√ Autumn foliage is peaking in Windsor, CT, as Amtrak’s Vermonter runs south on its daily 598-mile trip between St. Albans, VT, and Washington, D.C. Leading the train is engine 145, a P42DC, wearing a special Amtrak Phase III paint scheme commemorating the railroad’s 40th anniversary in 2011. Amtrak’s fleet of 207 P42s, built by General Electric between 1996 and 2001, have handled most short- and long-distance trains throughout the 21,400-mile system for more than two decades. They are gradually being replaced by new Siemens Charger locomotives.

√ America’s only high-speed passenger rail is provided by Amtrak’s Acela trains on the electrified route between Boston, MA and Washington D.C. With 150 m.p.h. maximum speeds in parts of Massachusetts, Rhode Island, and New Jersey, the Acelas have been serving the Northeast Corridor since 2000. A
Washington-bound train streaks through Old Saybrook, CT, on a sunny autumn afternoon. New-generation Acela trains are scheduled to replace these first high-speed sets in 2025.

√ In the afternoon on June 22, 2023, a thunderstorm advances eastward as a Union Pacific stack train quickly works westbound toward the top of Wyoming’s Peru Hill through the signals at milepost 823 on the railroad’s Evanston Subdivision. Following a crew change on a departing westbound train, Peru Hill’s grade begins at West Green River after crossing the bridge spanning Green River where the rails climb to an elevation of 6,100 feet in less than eight miles to reach Peru at mile 824.9. Today’s big locomotives with high horsepower and tractive effort make for a good show of railroading against gravity on UP’s Peru Hill.

√ There’s nary a storm to be seen (left) on the clear blue morning of September 12,  2007, as an eastbound Union Pacific manifest freight passes under the signal bridge at Hermosa, WY, while climbing upgrade over Sherman Hill. To conquer the grade that once relied on helper locomotives for eastbound trains, UP built a new main line from Laramie to Hermosa in 1901, reducing the eastward grade to 0.8 percent from the steeper 1.55 percent original grade. This new route was eventually double-tracked and called Track 1 and 2, while the old route is Track 3 and still used today, mostly for westbound trains. Eastbound at Hermosa, the three main lines funnel into two, for the twin bores of Hermosa Tunnels.

√ Morant’s Curve in Alberta, Canada was named to honor Canadian Pacific Railway photographer Nicholas Morant. The Curve is best for photographing eastbound trains, so, naturally, we got westbound Canadian Pacific Kansas City Train 301, a grain train headed for Vancouver, BC. At least this train had a rear-facing Distributed Power Unit! CPKC Train 301 featured an interesting assortment of locomotives: Canadian Pacific 8576, an AC4400CW, and Union Pacific 8942, an SD70Ace, on the point, with CP8750, an ES40AC, and Norfolk Southern 4330, an AC44C6M (ex-NS 9101, Dash 8-40CW) as the mid-train Distributed Power Units, and CP 8600, an AC4400CW, for the rear DPU. The mountains in the background, part of the Bow Range of the Rockies, also mark the Continental Divide.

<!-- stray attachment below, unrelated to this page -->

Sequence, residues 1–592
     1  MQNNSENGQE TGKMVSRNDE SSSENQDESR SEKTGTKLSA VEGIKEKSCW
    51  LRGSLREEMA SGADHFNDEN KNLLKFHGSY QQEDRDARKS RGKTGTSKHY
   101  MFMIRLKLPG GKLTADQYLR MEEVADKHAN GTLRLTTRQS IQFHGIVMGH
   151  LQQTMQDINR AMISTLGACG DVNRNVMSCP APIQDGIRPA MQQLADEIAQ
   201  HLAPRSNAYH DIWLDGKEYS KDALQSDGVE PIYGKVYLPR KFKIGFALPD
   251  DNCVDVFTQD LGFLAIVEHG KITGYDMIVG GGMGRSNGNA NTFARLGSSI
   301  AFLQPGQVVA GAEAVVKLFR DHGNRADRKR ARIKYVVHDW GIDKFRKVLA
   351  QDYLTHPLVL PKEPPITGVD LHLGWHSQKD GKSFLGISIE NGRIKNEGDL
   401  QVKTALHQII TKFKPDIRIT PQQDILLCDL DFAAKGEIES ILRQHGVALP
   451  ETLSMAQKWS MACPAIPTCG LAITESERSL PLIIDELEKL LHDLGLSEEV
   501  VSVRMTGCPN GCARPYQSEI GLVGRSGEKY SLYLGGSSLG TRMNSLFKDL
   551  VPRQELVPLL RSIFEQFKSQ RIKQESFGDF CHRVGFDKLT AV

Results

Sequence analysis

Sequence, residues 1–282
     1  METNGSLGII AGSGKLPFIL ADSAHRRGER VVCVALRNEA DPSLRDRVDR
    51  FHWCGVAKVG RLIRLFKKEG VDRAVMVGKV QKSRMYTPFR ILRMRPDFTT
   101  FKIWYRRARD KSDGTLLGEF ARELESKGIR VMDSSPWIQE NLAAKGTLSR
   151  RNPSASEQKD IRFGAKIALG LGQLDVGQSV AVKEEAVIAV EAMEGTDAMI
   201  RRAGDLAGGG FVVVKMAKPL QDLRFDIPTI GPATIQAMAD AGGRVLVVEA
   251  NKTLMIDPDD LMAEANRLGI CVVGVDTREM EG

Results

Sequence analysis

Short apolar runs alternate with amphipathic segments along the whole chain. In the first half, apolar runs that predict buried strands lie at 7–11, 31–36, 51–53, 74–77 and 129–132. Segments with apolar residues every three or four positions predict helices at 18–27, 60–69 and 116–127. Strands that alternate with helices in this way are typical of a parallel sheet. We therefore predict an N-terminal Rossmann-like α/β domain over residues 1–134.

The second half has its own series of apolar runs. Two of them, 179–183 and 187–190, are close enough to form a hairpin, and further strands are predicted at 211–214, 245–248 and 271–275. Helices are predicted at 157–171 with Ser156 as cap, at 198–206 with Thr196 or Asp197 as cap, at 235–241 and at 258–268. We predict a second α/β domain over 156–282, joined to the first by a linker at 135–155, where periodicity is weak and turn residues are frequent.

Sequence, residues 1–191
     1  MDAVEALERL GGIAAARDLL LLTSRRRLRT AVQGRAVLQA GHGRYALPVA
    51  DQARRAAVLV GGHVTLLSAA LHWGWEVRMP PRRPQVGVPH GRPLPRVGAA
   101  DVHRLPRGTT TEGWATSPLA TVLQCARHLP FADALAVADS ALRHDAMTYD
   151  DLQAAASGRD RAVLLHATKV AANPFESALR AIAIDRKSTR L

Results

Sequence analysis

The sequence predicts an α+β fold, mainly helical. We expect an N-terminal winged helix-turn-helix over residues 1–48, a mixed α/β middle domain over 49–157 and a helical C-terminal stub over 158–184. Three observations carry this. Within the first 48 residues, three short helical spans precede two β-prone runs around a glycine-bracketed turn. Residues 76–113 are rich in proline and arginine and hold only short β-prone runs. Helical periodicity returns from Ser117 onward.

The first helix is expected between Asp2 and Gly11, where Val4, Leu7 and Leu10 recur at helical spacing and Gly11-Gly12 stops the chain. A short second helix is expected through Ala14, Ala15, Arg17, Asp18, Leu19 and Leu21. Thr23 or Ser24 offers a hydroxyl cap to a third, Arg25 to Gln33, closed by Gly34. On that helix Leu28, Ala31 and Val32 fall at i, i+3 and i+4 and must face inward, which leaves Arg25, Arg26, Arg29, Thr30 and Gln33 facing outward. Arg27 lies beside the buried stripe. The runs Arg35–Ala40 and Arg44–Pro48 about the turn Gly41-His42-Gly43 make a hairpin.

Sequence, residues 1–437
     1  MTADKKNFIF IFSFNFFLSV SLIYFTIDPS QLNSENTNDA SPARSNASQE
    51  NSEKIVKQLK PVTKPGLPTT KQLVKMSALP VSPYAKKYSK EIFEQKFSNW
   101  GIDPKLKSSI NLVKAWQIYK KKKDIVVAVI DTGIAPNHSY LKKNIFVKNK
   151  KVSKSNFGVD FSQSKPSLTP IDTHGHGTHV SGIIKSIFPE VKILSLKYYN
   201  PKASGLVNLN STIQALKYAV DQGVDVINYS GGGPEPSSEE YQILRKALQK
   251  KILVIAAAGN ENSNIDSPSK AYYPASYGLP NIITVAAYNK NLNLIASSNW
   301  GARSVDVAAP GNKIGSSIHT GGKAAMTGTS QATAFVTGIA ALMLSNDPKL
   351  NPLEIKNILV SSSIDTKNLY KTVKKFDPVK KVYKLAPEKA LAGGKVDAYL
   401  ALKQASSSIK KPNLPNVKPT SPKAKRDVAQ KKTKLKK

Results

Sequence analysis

√ At half-past noon, Canadian Pacific Kansas City Intermodal Train 113 (Hochelaga, Québec, to Coquitlam, British Columbia), slows and enters the siding at Field, British Columbia, for a crew change. Besides being on the western side of the Continental Divide (and, therefore, in BC), Field, at an elevation of 4,121-feet is also the western end of CPKC’s Laggan Sub and the eastern end of its Mountain Sub, hence the crew change. From this point, the railroad will run along the Kicking Horse River (which flows to the Pacific Ocean) rather than the Bow River (which flows to the Atlantic). Canadian Pacific 9379, an ES44AC, and 8020, an AC4400CWM, as the mid-train Distributed Power Unit is crawling to a stop in the shadow of Mount Stephen.

Published by Tide-mark © 2024

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Pennsylvania Railroad 2025 Wall Calendar

$17.95

The Pennsylvania Railroad 2025 calendar recalls the unique engines and trains of “The Standard Railroad of the World.” Locomotives range from a 1914 Class L1s Mikado (2-8-2), a 1918 Class K-4s Pacific (4-6-2), an exotic Pennsy FF-2 Motor, the classic GG-1, and many more.

This 2025 monthly wall calendar features: Large blocks for notes | Superb printing quality | Heavy 100-pound paper | Deluxe 11- by 14-inch size

Locomotives and trains featured in this edition include:
◊ Pennsylvania Railroad 3678, a Class K-4s Pacific (4-6-2) built in 1918 at Pennsy’s Juniata Shops, is running light at the New York and Long Branch Railroad’s Bay Head Junction, NJ engine terminal on December 1, 1956. Pennsy had 425 of these superb locomotives, designed primarily for passenger service.

◊ February 20, 1966 was new vehicle delivery day. Electromotive Division has just delivered three brand-new six-axle SD-40’s to the Pennsy. They were built in LaGrange, Illinois and delivered to Chicago. These engines, in fact all of the SD-40’s, would be assigned to Enola, Pennsylvania for maintenance; this placed all of them in the pool for main line operations.

◊ Pennsylvania Railroad 6306, a Class L1s Mikado (2-8-2) is on the point of a southbound freight rolling through Hagerstown, Pennsylvania, on March 21, 1956. The first “Mike” was designed and built by Pennsy’s Juniata Shops in 1914, and four more test locomotives followed. Once the pattern was set, the Juniata Shops, in concert with the Lima and Baldwin Locomotive Works, began construction of 574 identical Class L1s locomotives. When the work was completed in 1919, Baldwin had built 205 units, Juanita constructed 344 units, and Lima made 25 units.

◊ Pennsylvania Railroad engine 5706, one of two EMD E8-A’s, is leading combined Trains #6 and #74, The Allegheny (a daily New York City to St. Louis train), seen here making a station stop at Dennison, OH on April 13, 1954.